I have a suggestion for a future post: maybe you have some ideas for how one can collect the pieces of oneself and adjust to the ‘after-person’ they know that they are when they go through a tremendous transformation from giving themselves up to their creative process.

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Terrific post! One quibble: in my experience and observation many men do indeed ask whether their artistic work is tending toward narcissism. More men and women should be focusing on that, in my view. It’s a widespread limitation.

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Following a dream or visit is more difficult and complicated if one is not a lone, but married and having kids, bond to financial dependence of the comfort zone.

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@Amara Graps Amara, funny, I was just having a discussion about exactly this. My sense of what a ‘self’ even is has changed a lot in recent years — maybe instead of a true self or core self, we’re made up of a bunch of multiple future selves, and we’re constantly choosing/creating our self with every action we take — maybe instead of trying to find or recover our ‘selves’, we should think instead in terms of letting go the past, and all the ways it would restrain + define us. I have a much stronger sense of who I am now, then I did three or six or even ten years ago, but that’s because I am able to make myself now in a way I could not have done back then…Something I’ll keep mulling over, and as always your thoughts are appreciated.

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@James Strock Point! I modified that (the line about men/narcissism). What I’ve often wondered is that — if women struggle with the sense that they need to efface themselves in order not to seem ‘selfish’, ‘entitled’, ‘narcissistic’, etc. — men struggle with the kind of exposure + naked vulnerability that “going there” requires — if women don’t want to seem selfish, men don’t want to seem weak.

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@Wael Of course it is, and that’s part of the challenge. Sylvia Plath was a single mother of 2 toddlers who got up at 5 in the morning while the kids were still sleeping to write the poems that made her name. Scott Turow wrote PRESUMED INNOCENT in 20 min stretches on the train commute to his fulltime job as a lawyer. Andre Dubus III was recently telling me how he wrote HOUSE OF SAND AND FOG (Oprah pick, made into a movie starring Jennifer Connelly among others) in 20 min stretches in his car in a cemetery between dropping off his kids + his job as a carpenter. Jodi Picault also writes in her car in 20 min stretches before picking up her kids at soccer practice. Dani Shapiro was telling me about a writer she knows who can *only* write in 15 min stretches because he has Turrets Syndrome — and 15 minutes is how long he can write before his syndrome starts to interfere with his ability to work. He wrote an entire novel this way ( + sold it).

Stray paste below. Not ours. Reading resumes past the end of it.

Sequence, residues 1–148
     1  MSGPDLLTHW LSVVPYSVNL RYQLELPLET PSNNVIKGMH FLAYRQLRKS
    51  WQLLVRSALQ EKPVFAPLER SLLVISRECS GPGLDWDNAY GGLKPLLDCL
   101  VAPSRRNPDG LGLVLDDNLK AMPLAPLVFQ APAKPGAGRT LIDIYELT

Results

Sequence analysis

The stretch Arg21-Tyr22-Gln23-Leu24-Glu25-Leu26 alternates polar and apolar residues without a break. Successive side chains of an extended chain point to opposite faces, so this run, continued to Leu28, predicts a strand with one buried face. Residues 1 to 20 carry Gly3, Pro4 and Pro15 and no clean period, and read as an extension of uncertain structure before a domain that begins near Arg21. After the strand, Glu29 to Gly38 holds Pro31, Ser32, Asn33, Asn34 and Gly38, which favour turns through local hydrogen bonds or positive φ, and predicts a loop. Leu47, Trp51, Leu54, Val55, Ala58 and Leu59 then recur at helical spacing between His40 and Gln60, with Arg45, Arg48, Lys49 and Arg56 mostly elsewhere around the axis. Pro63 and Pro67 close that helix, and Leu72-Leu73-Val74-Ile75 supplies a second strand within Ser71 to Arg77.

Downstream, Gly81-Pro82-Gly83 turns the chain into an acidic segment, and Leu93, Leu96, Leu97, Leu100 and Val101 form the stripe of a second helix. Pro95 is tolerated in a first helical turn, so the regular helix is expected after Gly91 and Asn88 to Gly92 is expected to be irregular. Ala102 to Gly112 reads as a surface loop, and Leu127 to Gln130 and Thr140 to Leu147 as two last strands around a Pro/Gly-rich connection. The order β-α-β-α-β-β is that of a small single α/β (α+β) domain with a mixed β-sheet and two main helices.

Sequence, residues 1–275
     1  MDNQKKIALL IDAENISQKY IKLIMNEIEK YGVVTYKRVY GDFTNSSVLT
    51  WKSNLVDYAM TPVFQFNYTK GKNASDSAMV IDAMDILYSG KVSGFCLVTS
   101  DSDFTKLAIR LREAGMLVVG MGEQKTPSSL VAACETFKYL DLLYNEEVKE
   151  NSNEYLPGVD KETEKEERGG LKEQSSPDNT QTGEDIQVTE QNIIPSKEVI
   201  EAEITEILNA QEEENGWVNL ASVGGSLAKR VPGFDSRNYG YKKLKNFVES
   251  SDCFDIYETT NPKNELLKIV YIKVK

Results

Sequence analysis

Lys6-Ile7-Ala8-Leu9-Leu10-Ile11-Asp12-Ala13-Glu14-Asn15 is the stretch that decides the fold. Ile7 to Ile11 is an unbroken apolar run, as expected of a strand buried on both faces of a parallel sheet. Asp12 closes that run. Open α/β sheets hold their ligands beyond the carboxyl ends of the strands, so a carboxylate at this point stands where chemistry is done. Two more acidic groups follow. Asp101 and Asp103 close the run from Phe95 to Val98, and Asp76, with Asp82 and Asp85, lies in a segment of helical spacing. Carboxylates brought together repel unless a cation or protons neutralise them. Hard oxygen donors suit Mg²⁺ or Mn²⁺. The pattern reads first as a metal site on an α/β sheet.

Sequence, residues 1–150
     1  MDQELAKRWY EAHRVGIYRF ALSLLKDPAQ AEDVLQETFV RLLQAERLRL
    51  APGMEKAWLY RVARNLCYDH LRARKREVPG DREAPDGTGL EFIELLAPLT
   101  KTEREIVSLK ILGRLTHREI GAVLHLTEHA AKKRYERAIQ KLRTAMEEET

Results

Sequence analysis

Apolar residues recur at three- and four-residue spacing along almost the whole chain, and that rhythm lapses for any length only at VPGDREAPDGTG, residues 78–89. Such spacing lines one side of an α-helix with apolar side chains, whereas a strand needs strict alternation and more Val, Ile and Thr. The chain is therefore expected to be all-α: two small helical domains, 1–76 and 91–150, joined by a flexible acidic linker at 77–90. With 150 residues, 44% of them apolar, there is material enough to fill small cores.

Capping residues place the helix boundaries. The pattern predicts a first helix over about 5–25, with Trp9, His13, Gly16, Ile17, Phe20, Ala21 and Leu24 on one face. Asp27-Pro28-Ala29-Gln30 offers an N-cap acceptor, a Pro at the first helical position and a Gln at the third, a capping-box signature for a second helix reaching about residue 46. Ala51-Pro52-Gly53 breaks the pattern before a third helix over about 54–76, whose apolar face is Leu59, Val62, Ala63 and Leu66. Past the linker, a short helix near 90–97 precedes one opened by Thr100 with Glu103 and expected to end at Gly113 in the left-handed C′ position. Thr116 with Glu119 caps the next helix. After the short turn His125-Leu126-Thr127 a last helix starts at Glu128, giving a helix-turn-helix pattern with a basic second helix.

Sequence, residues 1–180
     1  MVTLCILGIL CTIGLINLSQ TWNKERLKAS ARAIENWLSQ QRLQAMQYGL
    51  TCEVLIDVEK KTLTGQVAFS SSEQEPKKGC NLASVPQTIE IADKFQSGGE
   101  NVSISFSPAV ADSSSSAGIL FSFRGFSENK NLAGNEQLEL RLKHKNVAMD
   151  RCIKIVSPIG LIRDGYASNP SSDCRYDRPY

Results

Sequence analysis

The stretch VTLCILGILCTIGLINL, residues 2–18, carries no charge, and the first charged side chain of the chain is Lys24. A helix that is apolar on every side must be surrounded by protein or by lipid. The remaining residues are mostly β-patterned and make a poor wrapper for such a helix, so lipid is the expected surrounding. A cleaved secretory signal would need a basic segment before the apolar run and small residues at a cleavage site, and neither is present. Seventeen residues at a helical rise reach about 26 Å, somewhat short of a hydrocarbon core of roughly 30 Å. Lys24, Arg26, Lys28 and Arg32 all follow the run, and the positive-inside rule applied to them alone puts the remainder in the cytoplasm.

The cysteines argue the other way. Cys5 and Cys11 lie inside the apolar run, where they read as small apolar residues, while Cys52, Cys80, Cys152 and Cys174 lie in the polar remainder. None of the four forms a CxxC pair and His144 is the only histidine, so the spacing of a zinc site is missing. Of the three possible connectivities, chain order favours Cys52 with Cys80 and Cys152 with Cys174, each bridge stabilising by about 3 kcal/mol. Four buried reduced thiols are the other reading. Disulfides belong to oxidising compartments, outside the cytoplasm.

My point being: you think the writers who do manage to succeed and get published haven’t struggled with issues of time, freedom + money? If we want it badly enough, we find ways to do it, in the nooks and crannies and at the edges of our daytime workaday lives. Often the “I don’t have time” thing is a disguise for the real reasons that keep us from writing — which, one way or another, tend to boil down to creative fear + anxiety.

Whether you don’t have money, or do have money — I’ve been in both positions — the act of sitting down to write remains just as difficult, the demands on your time just as pressing (especially when kids are in the picture).

My advice? THROW OUT THE TELEVISION and get off the Internet. You’d be amazed at how much time that frees up.

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Our most profound change, and thus transformation, happens outside our comfort zone.

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@justine musk I don’t miss the time to write a book but doing the shift, going into the dark for a novel vision serves the entire humanity and earth.
In our society where I live the bonds to family and traditional expectations are strong. I’ll find no support and even no understanding to my life mission I have deeply.
I need assistance to untei the ropes without harming or losing others next to me.

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@justine musk :-) well said. Thanks.

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Wonderful Justine!! Thank you for sharing this! So eloquently written and entirely relatable. It helped me explain myself to myself.

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Thank you. I needed to hear this right now. I always love your posts on the creative process.